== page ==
Renewable energy is a practical, affordable solution to our electricity needs. Simply, by ramping up renewable energy. Renewable energy—wind, solar, geothermal, hydro-electric, and biomass. These energies provide substantial benefits for our climate, our health, and our economy. Each source of renewable energy has unique benefits and costs.
Cut global warming emissions by green-powered cities
Human activity is overloading our atmosphere with carbon dioxide and other global warming emissions. Emissions trap heat, steadily drive up the planet’s temperature. Also, it creates significant and harmful impacts on our health, our environment, and our climate. Electricity production accounts for more than one-third of U.S. global warming emissions. The majority generate coal-fired power plants, which produce approximately 25 percent of total U.S. global warming emissions. Meanwhile, natural gas-fired power plants produce 6 percent of total emissions. In contrast, most renewable energy sources produce little to no global warming emissions. According to data aggregated by the International Panel on Climate Change, life-cycle global warming emissions associated with renewable energy including
- operation and maintenance
- dismantling and decommissioning
- Natural gas, which emits between 0.6 and 2 pounds of carbon dioxide equivalent per kilowatt-hour (CO2E/kWh),
- Coal, which emits between 1.4 and 3.6 pounds of CO2E/kWh, wind emits only 0.02 to 0.04 pounds of CO2E/kWh,
- Solar 0.07 to 0.2, geothermal 0.1 to 0.2, and hydroelectric between 0.1 and 0.5.
Renewable electricity generation from biomass can have a wide range of global warming emissions. It depends on the resource and how it is harvested. Sustainably sourced biomass has a low emissions footprint, while unsustainable sources of biomass can generate significant global warming emissions.
Move toward a cleaner, healthier energy future
Generating electricity from renewable energy rather than fossil fuels offers significant public health benefits. The air and water pollution emitted by coal and natural gas plants is linked to breathing problems, neurological damage, heart attacks, and cancer. Replacing fossil fuels with renewable energy reduces premature mortality and lost workdays, and it reduces overall healthcare costs. Wind, solar, and hydroelectric systems generate electricity with no associated air pollution emissions. While geothermal and biomass energy systems emit some air pollutants, total air emissions are generally much lower than those of coal- and natural gas-fired power plants.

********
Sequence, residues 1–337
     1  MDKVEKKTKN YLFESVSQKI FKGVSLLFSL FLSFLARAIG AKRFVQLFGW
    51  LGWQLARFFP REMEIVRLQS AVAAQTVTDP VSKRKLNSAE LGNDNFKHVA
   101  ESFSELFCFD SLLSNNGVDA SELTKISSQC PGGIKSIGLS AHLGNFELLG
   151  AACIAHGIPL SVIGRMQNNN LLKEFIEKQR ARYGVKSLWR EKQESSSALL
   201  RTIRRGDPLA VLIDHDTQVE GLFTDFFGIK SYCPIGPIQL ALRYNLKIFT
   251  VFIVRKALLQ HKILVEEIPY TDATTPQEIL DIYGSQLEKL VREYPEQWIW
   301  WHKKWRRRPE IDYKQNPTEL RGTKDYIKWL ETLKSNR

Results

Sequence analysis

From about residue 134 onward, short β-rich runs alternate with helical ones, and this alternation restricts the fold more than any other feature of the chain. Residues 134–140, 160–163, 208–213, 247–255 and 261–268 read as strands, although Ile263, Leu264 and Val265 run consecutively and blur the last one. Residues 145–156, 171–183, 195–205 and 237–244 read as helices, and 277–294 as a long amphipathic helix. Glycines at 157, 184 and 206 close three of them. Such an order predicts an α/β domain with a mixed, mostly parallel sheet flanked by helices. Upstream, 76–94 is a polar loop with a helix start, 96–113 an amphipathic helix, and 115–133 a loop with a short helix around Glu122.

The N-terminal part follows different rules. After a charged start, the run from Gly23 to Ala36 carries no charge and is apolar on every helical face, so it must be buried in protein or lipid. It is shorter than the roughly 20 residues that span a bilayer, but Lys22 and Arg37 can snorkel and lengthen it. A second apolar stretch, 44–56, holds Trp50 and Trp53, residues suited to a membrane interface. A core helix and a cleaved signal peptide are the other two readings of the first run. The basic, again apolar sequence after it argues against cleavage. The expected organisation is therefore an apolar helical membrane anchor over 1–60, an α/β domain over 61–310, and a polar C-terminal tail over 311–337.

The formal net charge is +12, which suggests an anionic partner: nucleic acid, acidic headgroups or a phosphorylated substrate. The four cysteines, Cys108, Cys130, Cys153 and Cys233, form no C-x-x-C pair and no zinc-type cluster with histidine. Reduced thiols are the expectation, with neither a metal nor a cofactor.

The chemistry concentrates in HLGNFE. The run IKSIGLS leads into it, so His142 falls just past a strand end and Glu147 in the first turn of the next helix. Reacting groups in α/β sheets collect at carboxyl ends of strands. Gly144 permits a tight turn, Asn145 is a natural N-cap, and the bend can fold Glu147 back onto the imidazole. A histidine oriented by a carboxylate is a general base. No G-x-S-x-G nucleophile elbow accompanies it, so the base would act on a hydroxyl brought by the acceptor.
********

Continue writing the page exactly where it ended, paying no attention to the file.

In addition, wind and solar energy require essentially no water to operate and thus do not pollute water resources or strain supply by competing with agriculture, drinking water systems, or other important water needs. In contrast, fossil fuels can have a significant impact on water resources. For example, both coal mining and natural gas drilling can pollute sources of drinking water. Natural gas extraction by hydraulic fracturing (fracking) requires large amounts of water and all thermal power plants, including those powered by coal, gas, and oil, to withdraw and consume water for cooling.
Biomass and geothermal power plants, like coal- and natural gas-fired power plants, require water for cooling. In addition, hydroelectric power plants impact river ecosystems both upstream and downstream from the dam. However, NREL’s 80 percent by 2050 renewable energy study, which included biomass and geothermal, found that water withdrawals would decrease 51 percent to 58 percent by 2050 and water consumption would be reduced by 47 percent to 55 percent.
Clean energy, green jobs, and the benefits of a national renewable electricity standard
Compared with fossil fuel technologies, which are typically mechanized and capital intensive, the renewable energy industry is more labor-intensive. This means that, on average, more jobs are created for each unit of electricity generated from renewable sources than from fossil fuels. Renewable energy already supports thousands of jobs in the United States. For example, in 2011, the wind energy industry directly employed 75,000 full-time-equivalent employees in a variety of capacities, including manufacturing, project development, construction, and turbine installation, operations and maintenance, transportation and logistics, and financial, legal, and consulting services.
In addition to creating new jobs, increasing our use of renewable energy offers other important economic development benefits. Local governments collect property and income taxes and other payments from renewable energy project owners. These revenues can help support vital public services, especially in rural communities where projects are often located. Owners of the land on which wind projects run often receive lease payments ranging from $3,000 to $6,000 per megawatt of installed capacity, as well as payments for power line easements and road rights-of-way. Or they may earn royalties based on the project’s annual revenues. Similarly, farmers and rural landowners can generate new sources of supplemental income by producing feedstocks for biomass power facilities. Renewable energy projects, therefore, keep money circulating within the local economy, and in most states, renewable electricity production would reduce the need to spend money on importing coal and natural gas from other places.